• [0036]
    As illustrated in FIG. 9, x-ray window embodiments described herein can be mounted on an x-ray tube 90. The x-ray tube can comprise an evacuated cylinder 82, a cathode 83 disposed at one end of the evacuated cylinder; and a window and anode 81 disposed at an opposing end of the cylinder 82.
  • [0037]
    As illustrated in FIG. 10, x-ray window embodiments described herein can be used for x-ray detection 100. The x-ray window 101 can be attached to a mount 102. The mount 102 can be attached to an x-ray detector 103; and the x-ray window 101 can allow x-rays 104 to impinge upon the detector 103.
  • How to Make: Carbon Nanotube Formation:
  • [0038]
    A carbon nanotube film may be formed by placing a substrate with a layer comprising alumina and a layer comprising iron in an oven at a temperature of greater than 600° C. then flowing ethylene across the substrate thus allowing carbon nanotubes to grow on the substrate. Growth rate can be controlled by the ethylene flow rate and by diluting the ethylene with argon gas. Thickness of the carbon nanotube forest can be controlled by the ethylene flow time. Use of sputtered iron catalyst instead of thermal deposited iron can result in slower carbon nanotube growth.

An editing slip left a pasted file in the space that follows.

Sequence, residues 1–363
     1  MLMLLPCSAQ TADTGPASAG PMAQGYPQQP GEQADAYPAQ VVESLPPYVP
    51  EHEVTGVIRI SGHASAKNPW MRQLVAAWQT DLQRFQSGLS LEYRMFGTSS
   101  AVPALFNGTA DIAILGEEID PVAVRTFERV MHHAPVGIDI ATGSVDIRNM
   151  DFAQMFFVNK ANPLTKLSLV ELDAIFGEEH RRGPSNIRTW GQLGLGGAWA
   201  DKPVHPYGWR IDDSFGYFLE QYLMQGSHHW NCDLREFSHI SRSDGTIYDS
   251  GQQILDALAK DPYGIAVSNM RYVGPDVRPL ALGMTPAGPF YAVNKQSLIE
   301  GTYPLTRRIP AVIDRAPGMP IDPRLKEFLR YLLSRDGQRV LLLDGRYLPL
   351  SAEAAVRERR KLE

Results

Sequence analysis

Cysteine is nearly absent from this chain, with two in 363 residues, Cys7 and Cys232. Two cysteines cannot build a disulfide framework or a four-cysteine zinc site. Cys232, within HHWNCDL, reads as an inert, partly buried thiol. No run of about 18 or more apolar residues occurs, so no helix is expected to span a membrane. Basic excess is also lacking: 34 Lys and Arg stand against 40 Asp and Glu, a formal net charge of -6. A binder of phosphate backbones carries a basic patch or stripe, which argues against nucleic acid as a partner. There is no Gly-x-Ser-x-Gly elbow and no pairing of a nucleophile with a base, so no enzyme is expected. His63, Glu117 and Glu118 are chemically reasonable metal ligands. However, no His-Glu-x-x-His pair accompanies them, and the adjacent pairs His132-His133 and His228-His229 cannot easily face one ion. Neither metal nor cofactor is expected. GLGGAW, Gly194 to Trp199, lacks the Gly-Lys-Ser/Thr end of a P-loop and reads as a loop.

• [0039]
    An example of one method of forming the carbon nanotubes: A silicon wafer was coated with a 30 nm alumina layer A 6 nm iron layer was then deposited on the alumina layer by PVD sputtering. CNT forest samples were made having thicknesses of around 2 μm, 1 μm, and 500 nm with 1 second ethylene flow with different ethylene flow rates.
  • [0040]
    Samples were put onto a quartz boat and loaded into a quartz tube of a tube furnace (CNT growth furnace). Argon was switched on to flow into the tube furnace at 50% flow rate (355 sccm) and kept on during the whole growth cycle. After Argon purged the air out of the tube, hydrogen flow was turned on at a 20% flow rate (429 sccm) and the tube furnace was heated up to 750° C.
  • [0041]
    Ethylene flow was turned on for 1 second for short CNT forest growth at 50% flow rate (604 sccm). Shorter forests were produced with lower ethylene flow rate. Ethylene and hydrogen flow were turned off immediately after the one second growth.
  • [0042]
    The cover of the tube furnace was opened to accelerate the cooling process. When the temperature was down to 200° C., the samples were taken out from the tube furnace. Argon flow was turned off. This CNT growth cycle was finished.